Logic control unit 20 then turns "on" light emitting diode 41 which generates light signals 43. Optically coupled triac 42 turns on in response to light signals 43 and gates ringing singals from ringing voltage generator 50 to subscriber station line 71 via circuit path 44.
To disconnect ringing voltage generator 50 from subscriber station line 71, the processing unit generates ring relay release signal RRR on lead 12 and the clock signal on lead 11. Logic control unit 20 responds to these signals by turning "off" light emitting diode 41 terminating light signals 43. Optically coupled triac 42 responds to the absence of light signals 43 by conditioning itself to turn off when the ringing signals RS from ringing voltage generator 50 reach zero volts. When this occurs triac 42 turns "off" and creates an open circuit condition between ringing voltage generator 50 and circuit path 44.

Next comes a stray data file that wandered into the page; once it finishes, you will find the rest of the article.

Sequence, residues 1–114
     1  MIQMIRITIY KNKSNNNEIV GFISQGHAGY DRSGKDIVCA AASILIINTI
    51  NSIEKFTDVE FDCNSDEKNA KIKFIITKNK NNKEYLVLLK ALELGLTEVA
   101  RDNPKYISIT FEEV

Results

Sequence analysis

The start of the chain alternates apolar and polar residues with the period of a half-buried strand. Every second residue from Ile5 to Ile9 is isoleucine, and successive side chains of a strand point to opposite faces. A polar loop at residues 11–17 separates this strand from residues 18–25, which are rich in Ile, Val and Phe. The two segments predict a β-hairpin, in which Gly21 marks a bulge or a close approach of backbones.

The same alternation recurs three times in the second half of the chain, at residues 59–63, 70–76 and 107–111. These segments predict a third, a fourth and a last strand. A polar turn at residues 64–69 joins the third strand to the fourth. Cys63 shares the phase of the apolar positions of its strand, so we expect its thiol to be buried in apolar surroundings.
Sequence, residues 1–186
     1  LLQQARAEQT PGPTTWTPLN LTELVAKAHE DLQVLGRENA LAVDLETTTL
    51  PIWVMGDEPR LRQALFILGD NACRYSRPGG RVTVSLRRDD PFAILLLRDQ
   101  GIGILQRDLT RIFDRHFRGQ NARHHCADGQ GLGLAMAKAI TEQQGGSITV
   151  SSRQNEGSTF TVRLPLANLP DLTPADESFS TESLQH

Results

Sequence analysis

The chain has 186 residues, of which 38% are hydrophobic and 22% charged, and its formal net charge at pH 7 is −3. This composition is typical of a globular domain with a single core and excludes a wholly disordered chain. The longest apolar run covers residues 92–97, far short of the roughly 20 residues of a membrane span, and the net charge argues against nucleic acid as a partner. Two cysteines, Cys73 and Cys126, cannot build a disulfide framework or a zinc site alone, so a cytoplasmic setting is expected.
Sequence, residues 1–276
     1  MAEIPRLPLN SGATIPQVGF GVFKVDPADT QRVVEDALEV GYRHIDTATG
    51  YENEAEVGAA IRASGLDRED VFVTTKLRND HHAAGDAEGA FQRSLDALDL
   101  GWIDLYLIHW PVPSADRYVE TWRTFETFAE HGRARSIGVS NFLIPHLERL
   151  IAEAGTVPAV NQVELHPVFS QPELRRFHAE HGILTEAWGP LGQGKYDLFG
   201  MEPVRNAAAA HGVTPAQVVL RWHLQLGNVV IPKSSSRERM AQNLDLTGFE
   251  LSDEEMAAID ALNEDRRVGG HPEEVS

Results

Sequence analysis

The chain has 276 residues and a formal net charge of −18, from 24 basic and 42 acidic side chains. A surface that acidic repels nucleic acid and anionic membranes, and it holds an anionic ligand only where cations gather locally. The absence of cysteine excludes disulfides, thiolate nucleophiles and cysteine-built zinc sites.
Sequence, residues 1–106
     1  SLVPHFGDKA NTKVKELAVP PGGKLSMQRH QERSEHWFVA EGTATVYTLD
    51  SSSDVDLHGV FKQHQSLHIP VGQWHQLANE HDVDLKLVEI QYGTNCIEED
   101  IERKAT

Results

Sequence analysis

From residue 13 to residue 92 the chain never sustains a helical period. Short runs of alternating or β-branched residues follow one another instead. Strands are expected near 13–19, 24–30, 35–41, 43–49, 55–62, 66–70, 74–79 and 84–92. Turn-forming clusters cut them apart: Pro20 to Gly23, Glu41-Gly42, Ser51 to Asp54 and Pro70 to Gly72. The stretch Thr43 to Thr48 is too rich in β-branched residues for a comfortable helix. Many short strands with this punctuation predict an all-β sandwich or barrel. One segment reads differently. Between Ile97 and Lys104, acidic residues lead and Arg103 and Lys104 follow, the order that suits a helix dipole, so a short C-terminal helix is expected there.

Light emitting diodes 61 and 62 generate light signals 64 in response to positive and negative excursions of ringing signals RS appearing on circuit path 44. Optically coupled transistor 63 turns on in response to these light signals. When triac 42 turns off light emitting diodes 61 and 62 respond to the resultant open circuit condition on circuit path 44 by turning "off" light signals 64. Optically coupled transistor 63 turns "off" in response to the absence of light signals 64 and generates open circuit signal OC on lead 24. Logic control unit 20 responds to this signal by releasing ring relay 32 via relay driver 31. Relay contacts 32A, 32B and 32C return to their normal state and subscriber station line 71 is disconnected from ringing voltage generator 50 and reconnected to transmission circuit 73.